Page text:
B. Facts Alleged in Label Defendants' Counterclaims

The Millers hired Schwartzman to serve as Vice President of Sales in August 2013. (Counterclaims ¶ 23.) In that capacity, Schwartzman was to be responsible for managing and training Label's clothiers and overseeing all aspects of the supply chain, from initial client fitting and sales, to interacting with wholesalers and manufacturers. (Id.) Schwartzman was privy to all of Label's confidential business plans and client information. (Id. ¶¶ 23-24.) He was paid a substantial base salary, plus travel and entertainment expenses, and a percentage of his commissions. (Id. ¶ 25.)

"Counterclaims" refers to part of the Label Defendants' Answer and Affirmative Defenses to Complaint and Counterclaims, ("Answer"), filed October 30, 2015. (Doc. 37.) The Counterclaims begin on page 32 of the Answer.

Schwartzman proved to be an ineffective salesman and failed to conduct himself in a professional manner. (Id. ¶ 26.) The Millers began receiving customer complaints about Schwartzman's quality of service, (id. ¶ 28), and Schwartzman also acted in a manner inconsistent with Label's interests, (id. ¶ 27). For example, he charged personal expenses to Label credit cards, disappeared for days at a time without notice, and actively tried to steal customers for his own side business during Label work hours and using Label resources. (Id. ¶ 29.)

In January 2014, the Millers held a meeting with Schwartzman to discuss these problems, including the fact that Schwartzman's behavior was "scaring away referrals by making potential clients uncomfortable and being unfriendly and awkward, and that he was not following LABEL's pricing policies appropriately—e.g., Schwartzman cut side deals on LABEL products with favored clients at below-market rates and used LABEL products for payment in kind to cover his personal expenses." (Id. ¶ 30.) The intervention was unsuccessful and did not affect Schwartzman's performance or stop him from engaging in this behavior. (Id. ¶¶ 31-35.)

While still employed by Label, Schwartzman surreptitiously contacted Label clients, misrepresented that he was placing orders for them through Label, and instead placed the orders through his own company. (Id. ¶ 36.) For example, Schwartzman communicated with a Label supplier about a large order in August 2014. The supplier asked whether the "orders were still under Label," to which Schwartzman replied, "all these orders are under me not Label," and "I was only sending them to you because I can't risk them accidentally being sent through Label." (Id. ¶ 37.) A client subsequently complained to Label about the fit of the order, delivery times, and customer service, believing that Label had been responsible. (Id. ¶ 39.) Label believes that "Schwartzman placed multiple such secret side orders for his own benefit and misrepresented to customers that they were buying [Label] products." (Id.) Schwartzman also told Label customers that he was opening up his own business and that "he could continue to service these customers at this new business where he would provide better customer service and pricing than Label, while offering the same exact product." (Id. ¶ 40.)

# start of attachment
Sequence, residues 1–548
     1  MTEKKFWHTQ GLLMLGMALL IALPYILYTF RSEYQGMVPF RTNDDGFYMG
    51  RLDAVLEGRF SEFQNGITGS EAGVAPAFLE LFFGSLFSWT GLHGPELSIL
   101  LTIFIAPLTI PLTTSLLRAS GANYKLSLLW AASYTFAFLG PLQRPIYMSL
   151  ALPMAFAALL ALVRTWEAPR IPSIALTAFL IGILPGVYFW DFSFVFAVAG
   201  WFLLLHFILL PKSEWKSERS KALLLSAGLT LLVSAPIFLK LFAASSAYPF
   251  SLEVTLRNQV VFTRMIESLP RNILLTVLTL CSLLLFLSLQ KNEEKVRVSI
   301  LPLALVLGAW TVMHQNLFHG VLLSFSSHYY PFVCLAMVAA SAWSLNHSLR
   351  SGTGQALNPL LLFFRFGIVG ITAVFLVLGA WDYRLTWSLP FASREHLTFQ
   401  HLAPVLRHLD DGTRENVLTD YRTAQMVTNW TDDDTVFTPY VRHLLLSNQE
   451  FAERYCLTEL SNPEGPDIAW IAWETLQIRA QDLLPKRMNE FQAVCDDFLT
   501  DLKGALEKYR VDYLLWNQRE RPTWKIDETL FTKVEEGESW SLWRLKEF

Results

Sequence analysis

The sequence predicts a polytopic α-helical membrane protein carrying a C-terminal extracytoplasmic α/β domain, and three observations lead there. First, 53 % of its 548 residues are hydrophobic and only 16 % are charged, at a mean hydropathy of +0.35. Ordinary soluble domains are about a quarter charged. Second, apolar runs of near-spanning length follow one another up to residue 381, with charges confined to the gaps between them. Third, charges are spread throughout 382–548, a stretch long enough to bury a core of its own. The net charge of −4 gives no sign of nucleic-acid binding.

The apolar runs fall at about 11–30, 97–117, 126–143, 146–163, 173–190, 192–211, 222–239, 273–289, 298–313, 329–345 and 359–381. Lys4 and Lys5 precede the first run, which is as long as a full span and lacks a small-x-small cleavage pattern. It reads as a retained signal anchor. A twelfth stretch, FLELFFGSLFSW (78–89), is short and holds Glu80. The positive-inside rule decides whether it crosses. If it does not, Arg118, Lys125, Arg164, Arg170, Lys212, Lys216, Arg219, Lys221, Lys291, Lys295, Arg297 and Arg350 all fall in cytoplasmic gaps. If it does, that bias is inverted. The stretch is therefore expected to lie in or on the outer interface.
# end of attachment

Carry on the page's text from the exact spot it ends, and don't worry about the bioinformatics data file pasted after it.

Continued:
"In or about March 2014, Schwartzman requested that [Label] pay his base salary through Trusgan," and Label agreed because it believed—based upon Schwartzman's representations—that Trusgan was merely a holding company. (Id. ¶ 43.) Label set up an ADP account through which Trusgan was to be paid by Label. (Id.) Unbeknownst to Label, Schwartzman set up an additional ADP payroll account, purportedly to pay Schwartzman from Trusgan's account. (Id. ¶ 44.) Instead of sending ADP a voided Trusgan check, however, Schwartzman arranged for ADP to receive a voided Label check, resulting in Schwartzman being paid out of Label's account instead of Trusgan's. (Id. ¶ 45.) Over the next approximately five or six months, "Schwartzman's payroll scheme caused ADP to draw payments from LABEL's accounts to pay Schwartzman nearly $20,000" and "Schwartzman hid this fact from LABEL, who continued to pay Schwartzman his salary unaware that Schwartzman was simultaneously having Trusgan siphon additional, unauthorized money from LABEL's account." (Id. ¶ 48.) Label discovered "Schwartzman's embezzlement scheme" in October 2014, and after the discovery, Schwartzman repaid the $20,000 to Label. (Id. ¶ 49.)